London Skyscraper’s Facade Turns Sunlight Into A Heat Ray
The building has been blamed for melting the plastic on a parked car, setting store carpets on fire, and shattering tiles. Believe it or not, it's the second structure architect Rafael Viñoly has built that has this "feature."
A London skyscraper nicknamed “the Walkie-Talkie” for its shape has been blamed for a series of “hot” incidents on a stretch of street below. Most recently, a man who parked his Jaguar for a few hours came back to find a mirror and other plastic parts melted by the concentrated sunlight reflecting off the building’s facade. According to the BBC, the owners of the building will pay the man for £1,000 in damages. In addition, stores in the vicinity have reported melted plastic, scorched carpet, and shattered tiles.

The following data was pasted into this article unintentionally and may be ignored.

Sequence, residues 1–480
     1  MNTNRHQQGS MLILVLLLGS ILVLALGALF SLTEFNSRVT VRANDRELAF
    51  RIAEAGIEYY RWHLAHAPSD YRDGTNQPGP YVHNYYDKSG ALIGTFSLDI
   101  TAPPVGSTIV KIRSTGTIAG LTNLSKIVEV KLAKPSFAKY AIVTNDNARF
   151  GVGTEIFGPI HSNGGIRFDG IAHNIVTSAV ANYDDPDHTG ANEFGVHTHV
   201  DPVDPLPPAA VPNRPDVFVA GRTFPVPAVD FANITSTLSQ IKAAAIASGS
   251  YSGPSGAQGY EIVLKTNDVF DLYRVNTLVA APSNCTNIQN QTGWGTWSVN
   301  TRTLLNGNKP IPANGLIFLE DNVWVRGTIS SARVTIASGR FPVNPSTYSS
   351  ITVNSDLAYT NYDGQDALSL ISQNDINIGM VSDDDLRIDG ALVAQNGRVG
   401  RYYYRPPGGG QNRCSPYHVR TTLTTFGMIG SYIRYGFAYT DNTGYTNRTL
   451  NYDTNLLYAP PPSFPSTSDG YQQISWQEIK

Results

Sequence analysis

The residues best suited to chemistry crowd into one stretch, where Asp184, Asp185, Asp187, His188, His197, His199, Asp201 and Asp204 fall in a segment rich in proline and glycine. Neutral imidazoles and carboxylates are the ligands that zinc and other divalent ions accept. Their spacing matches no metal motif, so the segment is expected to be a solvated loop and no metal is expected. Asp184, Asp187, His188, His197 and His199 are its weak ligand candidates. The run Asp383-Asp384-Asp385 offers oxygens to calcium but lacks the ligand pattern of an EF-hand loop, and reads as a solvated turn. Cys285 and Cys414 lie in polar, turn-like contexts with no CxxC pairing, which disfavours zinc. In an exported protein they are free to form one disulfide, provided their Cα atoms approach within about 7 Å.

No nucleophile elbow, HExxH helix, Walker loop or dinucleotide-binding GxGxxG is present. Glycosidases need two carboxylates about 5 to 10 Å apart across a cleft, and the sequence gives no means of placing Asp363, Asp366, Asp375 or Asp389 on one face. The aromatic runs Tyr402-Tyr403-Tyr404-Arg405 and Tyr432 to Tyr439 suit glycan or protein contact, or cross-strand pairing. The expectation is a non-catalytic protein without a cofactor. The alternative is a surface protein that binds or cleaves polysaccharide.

What’s the Big Idea?
The combination of the building’s curvilinear shape and the reflective glass covering the south-facing wall is what’s causing it to behave like a huge magnifying glass, says the University of Durham’s James Keaveney: “There’s a power station in Spain that works on this principle. They have an array of mirrors that focuses light into a central pillar — if it’s 60 degrees Celsius [140 degrees Fahrenheit], you could get solar panels and get some energy out of it.” Ironically, this isn’t the first building by architect Rafael Viñoly that’s dangerous to be near: The owners of Las Vegas’ Vdara Hotel had to put up large umbrellas to prevent the “Vdara death ray” from singeing people’s hair.
The Ohio city had never experienced an earthquake before the 2010 opening of a wastewater injection well. All 109 earthquakes that occurred in the ensuing 12 months now appear to be linked to the well, says a new study.